This is the pilot to the series that would star William Shatner. Only in this version there is different Captain, Christopher Pike, and with the exception of Mr. Spock, an entirely different crew. Now it begins when the Enterprise receives what appears to be a distress message. But when they get to the planet where the message was sent from, they discover that the supposed survivors were nothing more than illusions created by the inhabitants of the planet, for the purpose of capturing a mate for the one genuine surviving human, and Captain Pike is the lucky winner. While Captain Pike tries to cope with the experiments and tests that the aliens are conducting on him, his crew tries to find a way to rescue him. But the aliens' illusions are too powerful and deceptive (at first). Written by
NBC reportedly called the pilot "too cerebral", "too intellectual", and "too slow" with "not enough action". Rather than rejecting the series outright, the network commissioned - in an unusual, and at the time unprecedented, move - a second pilot, which then became Star Trek: Where No Man Has Gone Before (1966). This was accepted and Star Trek: The Original Series began production. See more »
When Vina is tortured by the Talosians and disappears, in the next shot her shadow is still visible moving out of frame on the left. See more »
[Pike is watching Vina dancing as an Orion slave girl]
Suppose you had all of space to choose from, and this was only one small sample.
Wouldn't you say it was worth a man's soul?
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I went to a Trekie revival in the late 1970's hosted by Gene Roddenberry, in person, the series creator. When I first saw this listed here, I was confused by the September, 1966 air date. This episode never aired on NBC or any network originally. If it has been shown intact, it has only happened in later years.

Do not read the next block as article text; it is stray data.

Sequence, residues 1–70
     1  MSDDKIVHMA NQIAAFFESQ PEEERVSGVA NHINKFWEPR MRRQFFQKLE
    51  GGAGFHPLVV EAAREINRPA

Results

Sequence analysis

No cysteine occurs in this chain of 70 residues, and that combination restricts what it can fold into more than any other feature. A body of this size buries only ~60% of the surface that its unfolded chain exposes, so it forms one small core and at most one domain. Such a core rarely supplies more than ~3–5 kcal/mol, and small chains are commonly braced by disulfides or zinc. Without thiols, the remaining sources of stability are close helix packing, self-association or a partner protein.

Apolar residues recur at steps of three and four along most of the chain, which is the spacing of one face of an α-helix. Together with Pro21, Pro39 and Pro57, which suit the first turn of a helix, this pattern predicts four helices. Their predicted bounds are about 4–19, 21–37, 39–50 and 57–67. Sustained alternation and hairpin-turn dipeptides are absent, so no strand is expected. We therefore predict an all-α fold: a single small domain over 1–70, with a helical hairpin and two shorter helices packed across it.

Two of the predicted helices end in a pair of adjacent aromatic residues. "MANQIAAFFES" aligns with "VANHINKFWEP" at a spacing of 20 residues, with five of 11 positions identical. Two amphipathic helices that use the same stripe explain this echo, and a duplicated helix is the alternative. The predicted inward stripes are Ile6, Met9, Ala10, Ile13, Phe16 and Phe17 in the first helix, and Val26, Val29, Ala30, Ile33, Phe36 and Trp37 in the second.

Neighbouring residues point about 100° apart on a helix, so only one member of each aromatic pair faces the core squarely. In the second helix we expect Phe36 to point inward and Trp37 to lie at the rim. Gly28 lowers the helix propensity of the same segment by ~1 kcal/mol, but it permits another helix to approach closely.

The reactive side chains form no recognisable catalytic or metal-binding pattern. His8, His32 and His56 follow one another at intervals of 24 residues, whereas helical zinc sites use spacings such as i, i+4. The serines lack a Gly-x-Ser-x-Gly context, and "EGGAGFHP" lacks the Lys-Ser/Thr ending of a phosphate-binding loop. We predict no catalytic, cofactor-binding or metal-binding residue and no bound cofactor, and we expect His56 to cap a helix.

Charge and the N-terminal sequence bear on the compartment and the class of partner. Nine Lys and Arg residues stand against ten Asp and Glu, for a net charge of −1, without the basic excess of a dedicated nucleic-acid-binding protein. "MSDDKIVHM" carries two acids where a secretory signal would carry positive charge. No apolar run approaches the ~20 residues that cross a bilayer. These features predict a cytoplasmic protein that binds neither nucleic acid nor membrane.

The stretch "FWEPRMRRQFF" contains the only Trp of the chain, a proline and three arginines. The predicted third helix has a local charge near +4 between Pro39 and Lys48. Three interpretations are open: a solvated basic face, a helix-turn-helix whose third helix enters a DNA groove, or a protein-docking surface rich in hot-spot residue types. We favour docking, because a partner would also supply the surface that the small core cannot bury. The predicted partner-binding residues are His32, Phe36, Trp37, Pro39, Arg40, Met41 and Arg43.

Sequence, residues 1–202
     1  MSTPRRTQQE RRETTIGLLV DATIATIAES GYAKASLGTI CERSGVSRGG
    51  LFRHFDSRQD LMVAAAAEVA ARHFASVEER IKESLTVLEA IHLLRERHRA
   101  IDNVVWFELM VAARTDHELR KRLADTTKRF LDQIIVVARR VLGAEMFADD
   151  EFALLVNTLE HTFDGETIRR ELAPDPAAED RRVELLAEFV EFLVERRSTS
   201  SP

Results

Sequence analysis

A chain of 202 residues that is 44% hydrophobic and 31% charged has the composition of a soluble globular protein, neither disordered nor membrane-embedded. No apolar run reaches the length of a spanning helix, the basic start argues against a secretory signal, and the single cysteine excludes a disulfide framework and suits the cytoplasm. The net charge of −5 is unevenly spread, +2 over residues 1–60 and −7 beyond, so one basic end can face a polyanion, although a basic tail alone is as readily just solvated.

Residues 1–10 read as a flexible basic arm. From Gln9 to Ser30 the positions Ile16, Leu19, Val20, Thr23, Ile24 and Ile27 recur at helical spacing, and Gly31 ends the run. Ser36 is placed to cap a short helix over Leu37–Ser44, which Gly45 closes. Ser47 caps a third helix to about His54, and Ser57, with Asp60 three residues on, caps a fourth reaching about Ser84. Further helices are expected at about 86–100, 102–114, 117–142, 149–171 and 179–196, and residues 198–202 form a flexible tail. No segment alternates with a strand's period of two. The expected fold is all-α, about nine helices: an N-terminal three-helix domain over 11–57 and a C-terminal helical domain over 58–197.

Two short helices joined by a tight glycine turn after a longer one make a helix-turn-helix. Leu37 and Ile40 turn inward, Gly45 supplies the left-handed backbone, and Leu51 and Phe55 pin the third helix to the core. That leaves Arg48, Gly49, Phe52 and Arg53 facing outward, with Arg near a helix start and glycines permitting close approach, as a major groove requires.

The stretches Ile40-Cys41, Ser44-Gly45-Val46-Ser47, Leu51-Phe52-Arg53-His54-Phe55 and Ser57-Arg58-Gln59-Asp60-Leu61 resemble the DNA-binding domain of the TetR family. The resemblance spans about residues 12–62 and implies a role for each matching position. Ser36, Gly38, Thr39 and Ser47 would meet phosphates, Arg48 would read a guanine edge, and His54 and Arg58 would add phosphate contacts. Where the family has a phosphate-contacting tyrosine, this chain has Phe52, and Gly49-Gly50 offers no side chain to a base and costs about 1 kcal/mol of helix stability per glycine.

At this revival, Gene showed only the black and white version of this as at that point, the color one had been lost and all he had was the black and white. It was shown on a large arena screen and was on film. He talked about the fact it had never aired and that NBC had decided against running this series based on The Cage.
Gene used The Menagerie two parter as a way to air the pilot later. When the series began, it did not air first. He said that his purpose for the series went totally over the NBC execs heads. That is no surprise as NBC often was the second place network and sometimes fell to number three of three during the late 1960's.
Gene Roddenberry originally pitched this series to NBC as Wagon Train to The Stars, based on his experience writing westerns like Have Gun, Will Travel.Often success would come to NBC by accident. The accident here is that they gave Roddenberry a second chance to start this show.
That is what happened with Star Trek. Star Trek established the teenage generation following for NBC at the perfect time here as NBC would accidentally follow it up with other series this demographic liked. In no small part Rowan & Martins Laugh-In, an experiment in modern comedy-variety series succeeded because frustrated Trekies were looking for more network fare that was not conventional.
Star Trek's fresh, bold, where no man has gone before theme became a credo at NBC as they went very far out later to keep this audience for many years. The Cage is the ultimate place for all this to begin.
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